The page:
Letter of resignation
What is a letter of resignation? A letter of resignation formally informs your current employer that you will no longer be working there after a brief period of time. In more extreme or urgent cases, a letter of resignation informs your employer that you will be quitting, effective immediately.
In most scenarios, employees will turn in this letter with two or three weeks’ notice. This means you’ve informed your employer that you’re leaving, but will continue working for a predetermined amount of time to help out with the transition of either hiring a replacement or losing an employee altogether.
When should you write a letter of resignation? You should write a letter of resignation when you are ready to quit your job. The amount of notice you give will depend entirely on your situation. Do not, however, turn in a letter of resignation unless you are ready to quit within the next two or three weeks.
What is a reference letter? A reference letter is a letter written by a professional or personal connection that vouches for a candidate’s skills and experience in the hopes of helping them get a new job offer. Reference letters are often written by former managers or other executives, or by teachers, professors and mentors. Reference letters will sometimes, but not often, be written by friends or neighbors.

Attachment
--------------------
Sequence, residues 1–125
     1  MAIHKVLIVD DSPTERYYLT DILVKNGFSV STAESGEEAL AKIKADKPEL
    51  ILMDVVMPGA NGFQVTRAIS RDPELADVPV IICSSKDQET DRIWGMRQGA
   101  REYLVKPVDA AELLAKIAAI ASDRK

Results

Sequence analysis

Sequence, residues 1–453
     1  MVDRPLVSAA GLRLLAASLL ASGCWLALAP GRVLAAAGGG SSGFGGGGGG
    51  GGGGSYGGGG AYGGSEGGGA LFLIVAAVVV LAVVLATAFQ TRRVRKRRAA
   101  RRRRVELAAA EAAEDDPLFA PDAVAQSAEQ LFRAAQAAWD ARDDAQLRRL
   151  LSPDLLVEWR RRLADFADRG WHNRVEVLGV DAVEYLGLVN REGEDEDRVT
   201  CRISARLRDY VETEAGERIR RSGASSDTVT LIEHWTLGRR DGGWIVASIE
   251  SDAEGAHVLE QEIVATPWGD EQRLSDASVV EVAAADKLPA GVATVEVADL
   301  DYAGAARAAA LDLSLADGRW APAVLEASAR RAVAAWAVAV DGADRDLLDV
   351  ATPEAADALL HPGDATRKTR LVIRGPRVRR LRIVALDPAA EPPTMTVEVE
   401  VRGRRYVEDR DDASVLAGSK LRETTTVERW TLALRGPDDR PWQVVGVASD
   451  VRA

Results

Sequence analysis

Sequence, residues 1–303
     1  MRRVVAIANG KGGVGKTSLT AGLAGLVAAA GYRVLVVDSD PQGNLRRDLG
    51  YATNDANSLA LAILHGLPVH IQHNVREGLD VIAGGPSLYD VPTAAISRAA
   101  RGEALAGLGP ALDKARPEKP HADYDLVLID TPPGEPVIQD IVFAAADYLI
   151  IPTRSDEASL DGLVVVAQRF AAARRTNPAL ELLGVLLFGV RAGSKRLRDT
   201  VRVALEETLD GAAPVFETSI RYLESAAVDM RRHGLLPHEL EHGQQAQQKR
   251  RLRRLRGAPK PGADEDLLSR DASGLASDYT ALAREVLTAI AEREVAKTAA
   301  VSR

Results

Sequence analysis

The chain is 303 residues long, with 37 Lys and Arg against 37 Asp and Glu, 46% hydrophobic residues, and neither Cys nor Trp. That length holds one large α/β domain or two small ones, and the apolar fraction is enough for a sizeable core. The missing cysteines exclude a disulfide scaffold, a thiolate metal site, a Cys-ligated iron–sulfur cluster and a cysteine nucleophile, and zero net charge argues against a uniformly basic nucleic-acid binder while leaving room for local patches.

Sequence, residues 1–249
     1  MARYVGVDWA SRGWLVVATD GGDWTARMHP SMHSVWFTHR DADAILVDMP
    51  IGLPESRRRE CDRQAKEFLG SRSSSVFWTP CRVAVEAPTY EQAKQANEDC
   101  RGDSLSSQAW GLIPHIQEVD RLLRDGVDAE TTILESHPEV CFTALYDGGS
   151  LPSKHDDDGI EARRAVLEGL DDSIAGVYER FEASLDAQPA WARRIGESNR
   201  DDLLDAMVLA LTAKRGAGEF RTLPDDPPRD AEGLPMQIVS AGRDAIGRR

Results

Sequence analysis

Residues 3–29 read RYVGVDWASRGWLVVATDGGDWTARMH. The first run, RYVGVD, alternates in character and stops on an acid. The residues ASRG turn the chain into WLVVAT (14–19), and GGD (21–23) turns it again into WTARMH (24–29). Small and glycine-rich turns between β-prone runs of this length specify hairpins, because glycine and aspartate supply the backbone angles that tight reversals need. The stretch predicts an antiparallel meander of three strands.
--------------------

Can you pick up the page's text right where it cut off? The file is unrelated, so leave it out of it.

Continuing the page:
No matter who writes them, they should be positive recountings of a professional’s experience working with or overseeing the candidate in question. They should mention specific anecdotes and describe aspects of the candidate’s character.
When should you write a reference letter? You should write a reference letter if you have been asked to write a reference letter. You should only say yes if you can honestly and positively speak to a person’s character and work experience. If someone you don’t know well or don’t think highly of asks you to write a reference letter, it might be best to politely decline.
For more information, including the do’s and don’ts, check out my article on How to Write a Letter of Recommendation. (Coming soon!)
Letter of recommendation
What is a letter of recommendation? A letter of recommendation is another way of referring to a reference letter. It is exactly as described above.
When should you write a letter of recommendation? You would write a letter of recommendation for the same scenario in which you would write a reference letter.